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Top | Epidermis | Dermis | Hypodermis

The dermis, which lies (ust beneath the epidermis, is I .5 to 4 milli­meters thick-the thickest of the three layers of the skin. It’s also home to most of the skin’s structures, including sweat and oil glands (which secrete substances through openings in the skin called pores, or comedos), hair follicles, nerve endings, and blood and lymph ves­sels. But the main components of the dermis are collagen and elastin.
Collagen is a tough, insoluble protein found throughout the body in the connective tissues that hold muscles and organs in place. In the skin, collagen supports the epidermis, lending it its durability. Elas­tin, a similar protein, keeps the skin flexible. This is the substance that allows the skin to spring back into place when stretched: the scientific reason a funny face won’t stay that way, no matter what your mother told you. The properties of collagen and elastin fade with age, giving rise to wrinkles and sagging skin.
In addition to collagen and elastin, you’ll find water in the der­mis. In fact, much of the body’s water supply is stored there. When the amount of stored water is increased—for example, when you’re re­taining water—the skin becomes tight and stretched as it expands to accommodate the surplus. The dermis also contains scavenger cells from the immune system. In the event that a foreign organism makes it past the epidermis, these cells will engulf and destroy it.
Several structures can be found in the dermis. Sweat glands, numbering about 3 million in the average person, are the most numer­ous and are classified according to two types: the apocrine glands and the eccrine glands.
Apocrine glands are specialized sweat glands that can be found only in the armpits and pubic region. In animals, it is the apocrine glands that secrete the scents used to attract a mate; however, no one is sure of their function in humans. What we do know is that these glands secrete a milky sweat that encourages the growth of bacteria responsible for body odor. These glands are activated at puberty when stimulated by hormones.
The eccrine glands are the true sweat glands. Found over the entire body, these glands regulate body temperature by bringing water via the pores to the surface of the skin, where it evaporates and releases heat. These glands respond to heat, exercise, and fever, and some eccrine glands, such as those on the palms, respond to emo­tional stress, as well. It’s these glands that give you clammy hands when you’re nervous.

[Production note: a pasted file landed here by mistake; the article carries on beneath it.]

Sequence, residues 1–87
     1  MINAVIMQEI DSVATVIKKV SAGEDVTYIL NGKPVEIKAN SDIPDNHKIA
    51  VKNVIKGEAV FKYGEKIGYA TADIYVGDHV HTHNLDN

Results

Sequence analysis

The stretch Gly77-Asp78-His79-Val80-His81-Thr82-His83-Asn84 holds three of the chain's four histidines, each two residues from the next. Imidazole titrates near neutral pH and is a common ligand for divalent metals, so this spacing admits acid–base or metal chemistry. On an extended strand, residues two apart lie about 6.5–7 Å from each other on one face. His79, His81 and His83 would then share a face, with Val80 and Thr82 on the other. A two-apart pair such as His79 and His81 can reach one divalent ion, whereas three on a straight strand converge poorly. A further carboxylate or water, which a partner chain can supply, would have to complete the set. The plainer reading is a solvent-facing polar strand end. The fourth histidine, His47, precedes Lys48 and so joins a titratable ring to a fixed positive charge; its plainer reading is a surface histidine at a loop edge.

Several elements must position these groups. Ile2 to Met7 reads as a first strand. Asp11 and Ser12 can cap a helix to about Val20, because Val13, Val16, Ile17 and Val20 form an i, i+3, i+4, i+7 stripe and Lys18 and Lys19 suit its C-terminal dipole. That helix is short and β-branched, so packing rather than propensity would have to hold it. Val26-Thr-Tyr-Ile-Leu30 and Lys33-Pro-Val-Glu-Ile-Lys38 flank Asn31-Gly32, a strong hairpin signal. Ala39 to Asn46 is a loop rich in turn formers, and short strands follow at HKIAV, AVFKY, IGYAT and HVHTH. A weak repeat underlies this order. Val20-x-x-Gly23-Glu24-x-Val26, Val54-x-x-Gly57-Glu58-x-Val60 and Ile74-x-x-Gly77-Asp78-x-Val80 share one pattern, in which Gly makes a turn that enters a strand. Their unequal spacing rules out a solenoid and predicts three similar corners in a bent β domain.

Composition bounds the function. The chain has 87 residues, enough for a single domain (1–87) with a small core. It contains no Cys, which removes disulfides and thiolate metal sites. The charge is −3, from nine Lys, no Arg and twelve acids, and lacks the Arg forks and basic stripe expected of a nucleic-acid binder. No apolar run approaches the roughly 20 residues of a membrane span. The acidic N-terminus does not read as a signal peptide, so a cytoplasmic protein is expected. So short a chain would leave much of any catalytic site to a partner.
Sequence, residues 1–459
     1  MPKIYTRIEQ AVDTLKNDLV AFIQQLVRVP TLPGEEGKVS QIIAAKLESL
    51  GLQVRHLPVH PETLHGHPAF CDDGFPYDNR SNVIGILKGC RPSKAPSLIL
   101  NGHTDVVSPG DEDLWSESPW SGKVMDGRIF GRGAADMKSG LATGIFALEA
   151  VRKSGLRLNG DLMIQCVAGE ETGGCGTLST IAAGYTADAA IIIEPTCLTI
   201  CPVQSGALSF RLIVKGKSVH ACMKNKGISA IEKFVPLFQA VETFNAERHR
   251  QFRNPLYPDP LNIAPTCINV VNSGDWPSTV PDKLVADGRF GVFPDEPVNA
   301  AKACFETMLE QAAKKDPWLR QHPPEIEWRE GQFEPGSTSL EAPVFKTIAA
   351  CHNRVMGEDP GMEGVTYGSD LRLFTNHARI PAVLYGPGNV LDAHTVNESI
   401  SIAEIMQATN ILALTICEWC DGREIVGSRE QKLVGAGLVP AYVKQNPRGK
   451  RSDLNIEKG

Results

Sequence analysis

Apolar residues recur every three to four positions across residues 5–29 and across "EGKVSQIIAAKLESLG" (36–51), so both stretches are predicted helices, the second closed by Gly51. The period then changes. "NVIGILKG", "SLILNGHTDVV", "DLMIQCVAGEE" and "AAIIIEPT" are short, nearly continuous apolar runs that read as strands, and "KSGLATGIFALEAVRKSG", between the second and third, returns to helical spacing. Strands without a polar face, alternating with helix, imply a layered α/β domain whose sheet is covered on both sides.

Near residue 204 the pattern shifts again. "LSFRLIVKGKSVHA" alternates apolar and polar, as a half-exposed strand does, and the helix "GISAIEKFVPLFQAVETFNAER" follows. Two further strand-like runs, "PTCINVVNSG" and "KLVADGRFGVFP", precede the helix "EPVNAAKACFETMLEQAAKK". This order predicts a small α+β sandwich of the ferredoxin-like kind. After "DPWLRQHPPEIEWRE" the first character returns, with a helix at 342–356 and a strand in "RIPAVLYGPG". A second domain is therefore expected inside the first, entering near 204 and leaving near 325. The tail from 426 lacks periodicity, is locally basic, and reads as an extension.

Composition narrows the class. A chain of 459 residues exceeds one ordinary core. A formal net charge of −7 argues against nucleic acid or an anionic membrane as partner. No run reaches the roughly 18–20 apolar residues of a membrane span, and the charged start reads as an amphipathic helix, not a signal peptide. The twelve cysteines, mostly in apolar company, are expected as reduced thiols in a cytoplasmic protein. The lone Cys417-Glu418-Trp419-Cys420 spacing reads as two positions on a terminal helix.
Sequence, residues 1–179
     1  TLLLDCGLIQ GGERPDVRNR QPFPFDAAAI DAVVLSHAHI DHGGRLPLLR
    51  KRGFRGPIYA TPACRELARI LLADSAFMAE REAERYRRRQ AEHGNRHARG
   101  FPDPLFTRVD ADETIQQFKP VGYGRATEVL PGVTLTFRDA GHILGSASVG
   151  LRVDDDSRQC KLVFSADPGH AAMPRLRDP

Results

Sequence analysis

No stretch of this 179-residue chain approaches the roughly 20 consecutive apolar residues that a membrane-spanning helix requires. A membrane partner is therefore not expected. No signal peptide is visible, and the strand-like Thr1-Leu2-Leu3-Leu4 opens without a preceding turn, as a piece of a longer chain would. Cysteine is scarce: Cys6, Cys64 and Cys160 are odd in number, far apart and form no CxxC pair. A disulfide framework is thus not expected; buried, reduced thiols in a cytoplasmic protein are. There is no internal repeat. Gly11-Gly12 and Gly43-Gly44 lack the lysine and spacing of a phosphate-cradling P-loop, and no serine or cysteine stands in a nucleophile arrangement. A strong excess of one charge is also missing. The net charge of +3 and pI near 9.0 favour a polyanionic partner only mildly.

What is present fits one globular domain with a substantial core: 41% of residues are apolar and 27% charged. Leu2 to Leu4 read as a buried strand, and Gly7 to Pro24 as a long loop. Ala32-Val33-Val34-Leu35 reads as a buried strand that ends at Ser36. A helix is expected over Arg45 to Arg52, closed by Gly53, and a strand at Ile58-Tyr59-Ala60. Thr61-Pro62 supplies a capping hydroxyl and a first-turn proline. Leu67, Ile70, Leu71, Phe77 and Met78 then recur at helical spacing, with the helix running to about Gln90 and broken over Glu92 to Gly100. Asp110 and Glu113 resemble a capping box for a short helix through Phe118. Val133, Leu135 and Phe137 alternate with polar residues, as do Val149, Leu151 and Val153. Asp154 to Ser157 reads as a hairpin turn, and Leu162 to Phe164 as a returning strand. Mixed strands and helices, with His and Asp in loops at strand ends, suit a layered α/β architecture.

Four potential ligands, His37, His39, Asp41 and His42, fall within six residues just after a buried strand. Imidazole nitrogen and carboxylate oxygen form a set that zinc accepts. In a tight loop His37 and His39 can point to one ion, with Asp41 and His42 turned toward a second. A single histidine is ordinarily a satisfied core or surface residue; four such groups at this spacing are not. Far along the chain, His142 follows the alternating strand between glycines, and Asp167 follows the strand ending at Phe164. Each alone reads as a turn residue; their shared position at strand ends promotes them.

Unlike apocrine glands, eccrine glands function from child­hood, though they do increase their activity at puberty. Though these glands can produce up to two liters of sweat an hour when they’re working at their full potential, they’re not usually to blame for body odor. These glands secrete mostly water, which doesn’t encourage the growth of odor-producing bacteria.
The dermis is also home to the sebaceous, or oil, glands, which are attached to hair follicles, cylindrical structures that house the roots of the hair. Sebaceous glands can be found everywhere on the body except for the palms of the hands and the soles of the feet. Usually called into action by hormones during puberty, these glands secrete oil that helps keep the skin smooth and supple. The oil also helps keep skin waterproof and protects against an overgrowth of bacteria and fungi on the skin. At times, these glands overproduce and cause acne, a condition in which pores become clogged and inflamed.
Nerve endings can also be found in the dermis. Of course, these
structures are responsible for the sense of touch, relaying information to the brain for interpretation. They also signal temperature to the brain and, if necessary, trigger shivering, an involuntary contraction and relaxation of muscles. This muscle activity generates body heat.
Finally, blood and lymph vessels are found in the dermis. The blood vessels bring nutrients and oxygen to the skin and remove cell waste and cell products. The blood vessels also carry the vitamin D produced in the skin back to the rest of the body. Enlarged vessels that can be seen through the skin are known as spider veins or vari­cose veins. Broken blood vessels appear as bruises.
The lymph vessels bathe the tissues of the skin with lymph, a milky substance that contains infection-fighting immune system cells. The cells work to destroy any infection or invading organisms as the lymph gradually circulates back through the body’s tissues to the lymph nodes.

Top | Epidermis | Dermis | Hypodermis

Skin Anatomy and Physiology Acne Ingredients Cosmetics
Dictionary of Skin Care Terms Skin Care Advice Skin Problems
The Sun & Your Skin Skin Care News  

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